If callhorizons is not properly installed, MTVT will return the error: "The callhorizons module cannot be loaded. It is required for moving targets.
Once successfully installed, MTVT is run from the command line, as described below.
To see the MTVT help information, type "jwst_mtvt -h".
Note that the "--v3pa" optional argument in MTVT is identical to the "--pa" optional argument in GTVT.
MTVT command line examples
The user is referred to the "GTVT command line examples" section of the JWST General Target Visibility Tool Help page for basic GTVT/MTVT commands.
Basic use of the MTVT is shown with the example command below
Note that the following command will produce the same results
After running this command, a table will be output in the terminal and a plot will open in a new window that includes the allowable position angles as a function of time for the V3 axis, the 4 science instruments (NIRCam, MIRI, NIRSpec, NIRISS), and the FGS. Examples of these outputs are shown in the section below, "MTVT outputs."
Evaluating planet visibility
An example command for running MTVT for a planet is shown below
However, running the above command will result in the following message
In order to obtain a result from the MTVT, the user must select either Jupiter Barycenter as the target using ID# 5
Or Jupiter as the target using ID# 599
The ID# of the planet barycenters and the planets themselves used by JPL Horizons are presented in Table 1.
Table 1. JPL Horizons planet ID numbers
Evaluating minor body visibility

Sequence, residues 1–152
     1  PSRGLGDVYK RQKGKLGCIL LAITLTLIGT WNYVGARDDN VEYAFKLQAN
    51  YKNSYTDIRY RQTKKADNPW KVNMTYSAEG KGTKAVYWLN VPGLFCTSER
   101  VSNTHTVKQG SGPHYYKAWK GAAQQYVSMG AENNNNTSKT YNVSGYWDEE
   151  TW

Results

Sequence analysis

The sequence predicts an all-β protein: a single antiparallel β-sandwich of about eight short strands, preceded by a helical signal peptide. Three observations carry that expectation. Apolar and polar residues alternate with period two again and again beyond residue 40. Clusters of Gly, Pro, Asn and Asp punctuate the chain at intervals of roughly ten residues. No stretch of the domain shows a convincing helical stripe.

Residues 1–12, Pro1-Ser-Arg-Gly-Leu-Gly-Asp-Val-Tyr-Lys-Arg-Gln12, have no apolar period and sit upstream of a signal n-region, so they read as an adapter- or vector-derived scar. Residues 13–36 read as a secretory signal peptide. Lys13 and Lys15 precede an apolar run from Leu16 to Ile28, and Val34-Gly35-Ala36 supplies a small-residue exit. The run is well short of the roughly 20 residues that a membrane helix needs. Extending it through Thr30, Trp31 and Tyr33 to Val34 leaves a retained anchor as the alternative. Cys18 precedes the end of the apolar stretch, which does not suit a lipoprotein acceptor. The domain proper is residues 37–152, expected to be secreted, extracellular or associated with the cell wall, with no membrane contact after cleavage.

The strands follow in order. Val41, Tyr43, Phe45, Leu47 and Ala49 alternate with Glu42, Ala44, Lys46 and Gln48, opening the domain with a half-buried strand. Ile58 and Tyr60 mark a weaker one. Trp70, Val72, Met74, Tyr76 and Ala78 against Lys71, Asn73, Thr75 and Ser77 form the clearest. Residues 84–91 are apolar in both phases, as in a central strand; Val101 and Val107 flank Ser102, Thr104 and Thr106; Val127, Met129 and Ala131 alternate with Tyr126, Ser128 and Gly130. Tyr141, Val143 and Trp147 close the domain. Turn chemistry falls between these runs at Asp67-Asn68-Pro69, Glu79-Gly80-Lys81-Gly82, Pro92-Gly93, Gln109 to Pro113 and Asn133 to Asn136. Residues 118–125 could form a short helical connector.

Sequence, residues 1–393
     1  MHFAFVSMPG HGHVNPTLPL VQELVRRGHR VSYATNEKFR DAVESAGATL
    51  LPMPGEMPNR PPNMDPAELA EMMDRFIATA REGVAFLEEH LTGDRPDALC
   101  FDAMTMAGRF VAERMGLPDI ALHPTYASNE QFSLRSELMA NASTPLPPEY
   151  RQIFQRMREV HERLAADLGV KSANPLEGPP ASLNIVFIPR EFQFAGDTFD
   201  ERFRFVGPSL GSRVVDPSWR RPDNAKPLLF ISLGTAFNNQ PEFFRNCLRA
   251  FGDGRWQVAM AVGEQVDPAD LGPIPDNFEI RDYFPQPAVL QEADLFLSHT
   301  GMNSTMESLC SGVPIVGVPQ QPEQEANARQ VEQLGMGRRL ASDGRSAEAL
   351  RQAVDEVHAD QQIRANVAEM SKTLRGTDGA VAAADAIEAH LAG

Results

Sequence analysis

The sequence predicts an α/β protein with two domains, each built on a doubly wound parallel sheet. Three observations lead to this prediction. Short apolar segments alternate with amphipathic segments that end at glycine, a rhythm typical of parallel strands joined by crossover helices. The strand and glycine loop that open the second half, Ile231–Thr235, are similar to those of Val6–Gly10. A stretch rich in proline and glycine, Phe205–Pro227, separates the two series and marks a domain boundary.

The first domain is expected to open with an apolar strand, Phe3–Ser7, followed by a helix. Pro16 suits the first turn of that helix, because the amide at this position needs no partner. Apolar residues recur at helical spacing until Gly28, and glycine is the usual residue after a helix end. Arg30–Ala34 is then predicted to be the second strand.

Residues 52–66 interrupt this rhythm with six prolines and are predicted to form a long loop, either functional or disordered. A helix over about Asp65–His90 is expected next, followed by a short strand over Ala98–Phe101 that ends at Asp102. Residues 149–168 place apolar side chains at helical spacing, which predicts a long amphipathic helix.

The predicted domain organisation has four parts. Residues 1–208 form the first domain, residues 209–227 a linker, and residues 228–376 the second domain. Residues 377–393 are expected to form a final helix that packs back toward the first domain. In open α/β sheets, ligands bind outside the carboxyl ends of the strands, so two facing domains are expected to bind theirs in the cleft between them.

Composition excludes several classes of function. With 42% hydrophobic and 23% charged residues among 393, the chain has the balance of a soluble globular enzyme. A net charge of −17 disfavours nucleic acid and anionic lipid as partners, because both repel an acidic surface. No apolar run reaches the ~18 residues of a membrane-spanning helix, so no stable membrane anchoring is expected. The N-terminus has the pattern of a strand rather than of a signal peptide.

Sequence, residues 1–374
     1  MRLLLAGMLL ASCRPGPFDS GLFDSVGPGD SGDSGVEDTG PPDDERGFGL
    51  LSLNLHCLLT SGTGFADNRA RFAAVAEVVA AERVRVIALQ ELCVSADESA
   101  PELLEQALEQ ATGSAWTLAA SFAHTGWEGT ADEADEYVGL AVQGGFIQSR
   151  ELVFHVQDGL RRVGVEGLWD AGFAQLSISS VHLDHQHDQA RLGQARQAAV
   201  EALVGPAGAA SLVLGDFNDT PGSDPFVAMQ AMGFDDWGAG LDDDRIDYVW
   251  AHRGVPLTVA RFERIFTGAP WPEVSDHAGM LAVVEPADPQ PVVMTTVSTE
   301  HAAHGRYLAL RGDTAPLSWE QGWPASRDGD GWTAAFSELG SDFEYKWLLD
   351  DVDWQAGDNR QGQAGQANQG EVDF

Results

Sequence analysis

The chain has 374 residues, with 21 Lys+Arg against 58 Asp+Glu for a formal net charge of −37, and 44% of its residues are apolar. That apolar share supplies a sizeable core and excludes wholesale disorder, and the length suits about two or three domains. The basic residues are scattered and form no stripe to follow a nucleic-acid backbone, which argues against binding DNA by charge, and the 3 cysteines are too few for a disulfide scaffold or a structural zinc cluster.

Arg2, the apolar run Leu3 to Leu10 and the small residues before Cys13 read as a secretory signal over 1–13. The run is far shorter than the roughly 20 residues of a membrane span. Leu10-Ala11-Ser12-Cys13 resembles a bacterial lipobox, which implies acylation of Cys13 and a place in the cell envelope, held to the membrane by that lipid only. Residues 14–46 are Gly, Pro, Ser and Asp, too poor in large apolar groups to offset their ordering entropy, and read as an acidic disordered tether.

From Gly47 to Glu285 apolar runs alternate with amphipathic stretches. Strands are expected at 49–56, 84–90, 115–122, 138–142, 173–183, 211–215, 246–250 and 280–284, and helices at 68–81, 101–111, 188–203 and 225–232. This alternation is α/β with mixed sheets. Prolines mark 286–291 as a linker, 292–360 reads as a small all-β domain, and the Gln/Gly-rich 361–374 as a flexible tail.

An example command for running MTVT for a minor body using its name is shown below.
An example command for running MTVT for a minor body using its provisional designation is shown below.
An example command for running MTVT for a minor body using its number and the "--smallbody" optional argument is shown below. This purpose of this optional argument is to remove ambiguity between low-numbered minor bodies and major bodies. The below example will return information on the asteroid 4 Vesta; without the "--smallbody" optional argument, the MTVT would return infromation on Mars.
For higher-numbered minor bodies, the "--smallbody" optional argument is not necessary, as shown below for the dwarf planet Haumea.
The special case of comets
An example command for running MTVT for a comet using its name shown below.
An example command for running MTVT for a comet using its designation is shown below. Use of the "--smallbody" optional argument is not necessary for comets when using the designation as the identifier.
The above commands are equivalent and will both result in the following message.
JPL Horizons contains multiple orbital solutions for periodic comets, so the user must select one option to proceed. The user is less likely to receive this message for long-period comets. If the user does not know the Record # for the orbital solution of interest ahead of time, this is an easy way to see a list of possible values. If the user knows the Record # ahead of time, they can skip the step of viewing the list. If the user wants the most recent orbital solution for 2P/Encke, they would type the following command
Note that the most recent orbital solution is not selected as a default when running the MTVT.
The default outputs for the MTVT are identical to the GTVT: a 6-panel plot showing the allowable position angles for the V3 axis, the 4 science instruments, and the FGS; and an ASCII table containing the information in the plot in table form. See the "Example plots from GTVT" section of the JWST General Target Visibility Tool Help page for instructions on how to output a plot for only one instrument.
The MTVT was developed by Michael S. P. Kelley, University of Maryland.
The callhorizons Python routine was developed by Michael Mommert, Lowell Observatory.